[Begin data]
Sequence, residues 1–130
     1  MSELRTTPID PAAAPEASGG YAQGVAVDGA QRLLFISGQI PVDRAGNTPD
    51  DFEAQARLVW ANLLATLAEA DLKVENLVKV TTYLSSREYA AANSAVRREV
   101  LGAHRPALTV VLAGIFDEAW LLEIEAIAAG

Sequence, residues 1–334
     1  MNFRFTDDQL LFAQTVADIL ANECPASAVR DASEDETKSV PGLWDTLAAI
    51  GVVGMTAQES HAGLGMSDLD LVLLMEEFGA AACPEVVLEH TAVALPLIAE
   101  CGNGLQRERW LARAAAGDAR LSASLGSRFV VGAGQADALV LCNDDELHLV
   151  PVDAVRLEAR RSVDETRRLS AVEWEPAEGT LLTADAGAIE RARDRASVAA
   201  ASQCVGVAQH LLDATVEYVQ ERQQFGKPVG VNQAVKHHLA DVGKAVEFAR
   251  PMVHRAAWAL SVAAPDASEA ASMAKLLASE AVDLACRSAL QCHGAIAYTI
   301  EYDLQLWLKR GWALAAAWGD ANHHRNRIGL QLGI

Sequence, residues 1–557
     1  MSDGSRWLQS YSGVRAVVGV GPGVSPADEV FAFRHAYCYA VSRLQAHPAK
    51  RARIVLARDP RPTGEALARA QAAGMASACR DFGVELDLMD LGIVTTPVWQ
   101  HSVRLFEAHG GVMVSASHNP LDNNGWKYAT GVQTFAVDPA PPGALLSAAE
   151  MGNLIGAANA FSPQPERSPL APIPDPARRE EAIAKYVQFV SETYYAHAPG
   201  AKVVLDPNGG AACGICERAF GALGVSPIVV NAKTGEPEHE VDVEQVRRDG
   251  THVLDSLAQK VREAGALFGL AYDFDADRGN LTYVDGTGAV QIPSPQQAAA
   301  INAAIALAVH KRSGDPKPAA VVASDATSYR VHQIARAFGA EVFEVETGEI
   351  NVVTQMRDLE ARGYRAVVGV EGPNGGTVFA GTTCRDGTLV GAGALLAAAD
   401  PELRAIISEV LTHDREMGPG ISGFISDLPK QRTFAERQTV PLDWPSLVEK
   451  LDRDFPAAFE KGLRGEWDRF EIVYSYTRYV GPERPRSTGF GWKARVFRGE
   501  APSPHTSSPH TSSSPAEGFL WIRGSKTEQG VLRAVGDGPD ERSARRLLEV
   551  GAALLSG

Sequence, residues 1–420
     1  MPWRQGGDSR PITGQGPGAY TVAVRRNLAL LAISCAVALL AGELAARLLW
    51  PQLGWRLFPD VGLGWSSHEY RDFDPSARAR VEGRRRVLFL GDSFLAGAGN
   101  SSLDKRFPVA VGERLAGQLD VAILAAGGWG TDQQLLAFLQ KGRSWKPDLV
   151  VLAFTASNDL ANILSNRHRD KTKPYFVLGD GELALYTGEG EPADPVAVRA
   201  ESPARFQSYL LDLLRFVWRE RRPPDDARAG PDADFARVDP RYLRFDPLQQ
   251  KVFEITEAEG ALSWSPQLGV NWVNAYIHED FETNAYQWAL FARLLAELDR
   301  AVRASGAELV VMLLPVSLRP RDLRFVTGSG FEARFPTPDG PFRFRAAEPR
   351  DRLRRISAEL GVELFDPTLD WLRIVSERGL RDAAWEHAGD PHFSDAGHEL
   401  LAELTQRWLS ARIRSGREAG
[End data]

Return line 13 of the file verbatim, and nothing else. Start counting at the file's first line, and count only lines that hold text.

Sequence, residues 1–557